Loss Of Self And Personal Identity In Elie Wiesel's Night

1001 Words5 Pages
Jewish people were excluded from public life on September 15th, 1935 when the Nuremberg Laws were issued. These laws also stripped German Jews of their citizenship and their right to marry Germans. When the Nuremberg Laws were established, the Jewish population began the process of losing their identity and eventually themselves. As soon as Adolf Hitler came to power in 1933, the human race would be forever scarred. Although it is estimated the number of people killed in the Holocaust was around 11 million, there is a high chance of the death toll being much higher. The sheer amount of lives lost in this horrid time astonishes a large quantity of today’s population. Not only were people being tossed into the concentration camps, but soldiers and civilians were killed in the fight for their lives’. Human beings were given numbers and made to look like clones, as if to hide the misery of dehumanization. Loss of self and personal identity is shown throughout Night by Elie Wiesel. When hearing…show more content…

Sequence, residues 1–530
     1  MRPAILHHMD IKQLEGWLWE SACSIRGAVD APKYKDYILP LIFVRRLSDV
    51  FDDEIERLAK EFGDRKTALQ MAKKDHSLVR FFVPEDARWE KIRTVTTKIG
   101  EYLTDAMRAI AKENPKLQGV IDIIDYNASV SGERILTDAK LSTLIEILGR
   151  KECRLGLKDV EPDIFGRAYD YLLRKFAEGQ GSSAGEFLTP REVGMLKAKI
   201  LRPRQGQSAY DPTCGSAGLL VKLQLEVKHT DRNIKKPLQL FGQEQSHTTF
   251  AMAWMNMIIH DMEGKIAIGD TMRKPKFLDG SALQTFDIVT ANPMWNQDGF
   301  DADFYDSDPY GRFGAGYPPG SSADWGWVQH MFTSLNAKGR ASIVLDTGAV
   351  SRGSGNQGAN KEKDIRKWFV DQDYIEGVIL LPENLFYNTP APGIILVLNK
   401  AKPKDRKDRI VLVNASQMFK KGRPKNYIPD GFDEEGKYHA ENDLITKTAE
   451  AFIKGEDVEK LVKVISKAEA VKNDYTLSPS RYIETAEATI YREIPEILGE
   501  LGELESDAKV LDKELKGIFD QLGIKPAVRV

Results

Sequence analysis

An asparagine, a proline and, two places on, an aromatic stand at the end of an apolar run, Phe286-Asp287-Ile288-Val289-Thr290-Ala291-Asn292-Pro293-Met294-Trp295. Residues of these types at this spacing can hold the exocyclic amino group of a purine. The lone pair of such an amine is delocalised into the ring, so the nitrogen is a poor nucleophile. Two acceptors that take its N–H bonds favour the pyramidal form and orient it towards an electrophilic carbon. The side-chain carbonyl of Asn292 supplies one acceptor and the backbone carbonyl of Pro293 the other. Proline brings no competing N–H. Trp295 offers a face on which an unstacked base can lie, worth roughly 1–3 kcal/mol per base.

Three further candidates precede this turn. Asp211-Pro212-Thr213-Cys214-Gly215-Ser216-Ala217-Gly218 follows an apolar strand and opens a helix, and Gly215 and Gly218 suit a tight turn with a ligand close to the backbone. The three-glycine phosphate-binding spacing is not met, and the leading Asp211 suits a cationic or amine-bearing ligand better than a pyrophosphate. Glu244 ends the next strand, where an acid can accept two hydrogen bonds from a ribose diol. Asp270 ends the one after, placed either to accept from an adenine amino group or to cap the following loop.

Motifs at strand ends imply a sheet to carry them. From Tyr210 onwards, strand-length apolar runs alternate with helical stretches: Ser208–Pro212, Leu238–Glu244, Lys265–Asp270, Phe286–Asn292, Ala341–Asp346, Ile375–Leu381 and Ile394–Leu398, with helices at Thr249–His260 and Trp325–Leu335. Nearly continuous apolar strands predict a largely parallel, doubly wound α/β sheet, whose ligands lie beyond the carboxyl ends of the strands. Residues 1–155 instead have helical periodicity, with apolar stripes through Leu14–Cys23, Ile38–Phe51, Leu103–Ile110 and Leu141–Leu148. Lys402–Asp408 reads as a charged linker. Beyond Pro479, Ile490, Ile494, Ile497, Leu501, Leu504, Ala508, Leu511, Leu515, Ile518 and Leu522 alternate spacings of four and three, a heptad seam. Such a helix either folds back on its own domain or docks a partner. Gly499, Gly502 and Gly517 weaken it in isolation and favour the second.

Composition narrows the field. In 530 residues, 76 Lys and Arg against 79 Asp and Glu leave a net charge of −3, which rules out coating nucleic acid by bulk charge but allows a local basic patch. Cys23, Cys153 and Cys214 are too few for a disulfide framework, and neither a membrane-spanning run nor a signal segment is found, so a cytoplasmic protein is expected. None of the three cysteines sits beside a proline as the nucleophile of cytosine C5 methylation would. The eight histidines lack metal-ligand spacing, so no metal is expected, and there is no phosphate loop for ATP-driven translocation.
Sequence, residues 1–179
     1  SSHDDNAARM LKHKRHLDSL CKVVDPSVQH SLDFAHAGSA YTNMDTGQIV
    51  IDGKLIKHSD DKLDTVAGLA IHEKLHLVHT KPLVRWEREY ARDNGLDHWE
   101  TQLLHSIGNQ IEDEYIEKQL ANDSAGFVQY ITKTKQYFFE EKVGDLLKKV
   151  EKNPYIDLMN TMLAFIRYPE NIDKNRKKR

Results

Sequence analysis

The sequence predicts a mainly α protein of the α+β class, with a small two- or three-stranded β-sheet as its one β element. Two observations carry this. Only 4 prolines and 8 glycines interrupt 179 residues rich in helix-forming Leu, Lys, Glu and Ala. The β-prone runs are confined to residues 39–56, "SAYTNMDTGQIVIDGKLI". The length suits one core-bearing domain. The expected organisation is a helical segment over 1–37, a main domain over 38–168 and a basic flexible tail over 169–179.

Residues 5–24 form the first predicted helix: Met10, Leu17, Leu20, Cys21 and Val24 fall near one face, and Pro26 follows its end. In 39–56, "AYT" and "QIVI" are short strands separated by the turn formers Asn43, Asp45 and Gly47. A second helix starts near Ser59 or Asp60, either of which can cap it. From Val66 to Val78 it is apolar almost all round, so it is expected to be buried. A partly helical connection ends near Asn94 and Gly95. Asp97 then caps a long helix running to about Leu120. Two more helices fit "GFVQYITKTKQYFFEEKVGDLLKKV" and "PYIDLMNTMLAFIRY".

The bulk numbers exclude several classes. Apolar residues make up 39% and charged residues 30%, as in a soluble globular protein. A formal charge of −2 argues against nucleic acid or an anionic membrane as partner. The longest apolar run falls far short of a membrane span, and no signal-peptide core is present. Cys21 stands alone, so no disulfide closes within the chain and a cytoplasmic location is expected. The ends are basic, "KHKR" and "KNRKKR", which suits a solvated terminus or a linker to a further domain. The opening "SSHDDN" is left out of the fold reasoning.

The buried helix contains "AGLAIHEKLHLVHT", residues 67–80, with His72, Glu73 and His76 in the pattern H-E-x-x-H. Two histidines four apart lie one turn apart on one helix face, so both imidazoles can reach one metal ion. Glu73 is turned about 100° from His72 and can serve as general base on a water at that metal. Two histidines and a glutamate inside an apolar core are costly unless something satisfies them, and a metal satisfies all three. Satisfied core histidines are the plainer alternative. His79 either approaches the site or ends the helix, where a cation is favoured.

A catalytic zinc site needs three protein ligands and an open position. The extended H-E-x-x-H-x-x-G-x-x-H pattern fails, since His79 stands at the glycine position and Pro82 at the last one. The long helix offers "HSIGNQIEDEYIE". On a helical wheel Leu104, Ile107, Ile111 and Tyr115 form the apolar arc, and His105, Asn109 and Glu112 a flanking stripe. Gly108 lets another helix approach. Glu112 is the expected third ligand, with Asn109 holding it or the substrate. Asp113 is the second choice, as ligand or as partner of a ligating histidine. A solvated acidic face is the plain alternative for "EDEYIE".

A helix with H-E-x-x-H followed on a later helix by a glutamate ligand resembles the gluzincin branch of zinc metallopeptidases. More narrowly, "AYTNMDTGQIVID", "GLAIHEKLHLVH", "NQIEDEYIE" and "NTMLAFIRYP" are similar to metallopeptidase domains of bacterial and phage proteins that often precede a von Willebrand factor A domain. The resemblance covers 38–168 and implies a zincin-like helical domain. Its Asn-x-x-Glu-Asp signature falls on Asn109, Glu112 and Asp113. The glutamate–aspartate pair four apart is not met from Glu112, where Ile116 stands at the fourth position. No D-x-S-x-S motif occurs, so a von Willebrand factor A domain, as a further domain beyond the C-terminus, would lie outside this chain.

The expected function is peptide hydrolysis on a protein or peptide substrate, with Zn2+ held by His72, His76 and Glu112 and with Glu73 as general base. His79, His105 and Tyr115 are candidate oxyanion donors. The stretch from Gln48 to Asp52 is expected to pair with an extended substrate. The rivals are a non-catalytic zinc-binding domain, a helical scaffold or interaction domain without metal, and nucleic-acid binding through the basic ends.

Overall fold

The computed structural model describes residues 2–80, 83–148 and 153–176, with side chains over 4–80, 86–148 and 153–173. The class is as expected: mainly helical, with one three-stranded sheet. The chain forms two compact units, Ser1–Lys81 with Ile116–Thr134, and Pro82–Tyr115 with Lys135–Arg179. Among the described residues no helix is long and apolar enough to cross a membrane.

Many actions played out during the Holocaust and World War II were not humane, and still remind us like a scream behind closed doors: hidden but still heard. While hearing the horrid stories and seeing the ghoulish photos of times not to be forgotten, we see the tragedy that is the mistreatment of human lives. Our identities are lost little by little, but those victims had theirs ripped from their bodies. After losing everything and then becoming a nearly empty vessel, it is amazing that we attempt to comprehend the cruelty of the Holocaust. The loss of identity and self might have started with Adolf Hitler’s reign, for the Holocaust legacies, but we are all losing bits of ourselves constantly. Although we lose ourselves, we find bits of others that become us. So are we not always losing our identities? When the Nuremberg Laws were enacted, Jews in Europe were only beginning the fight for their
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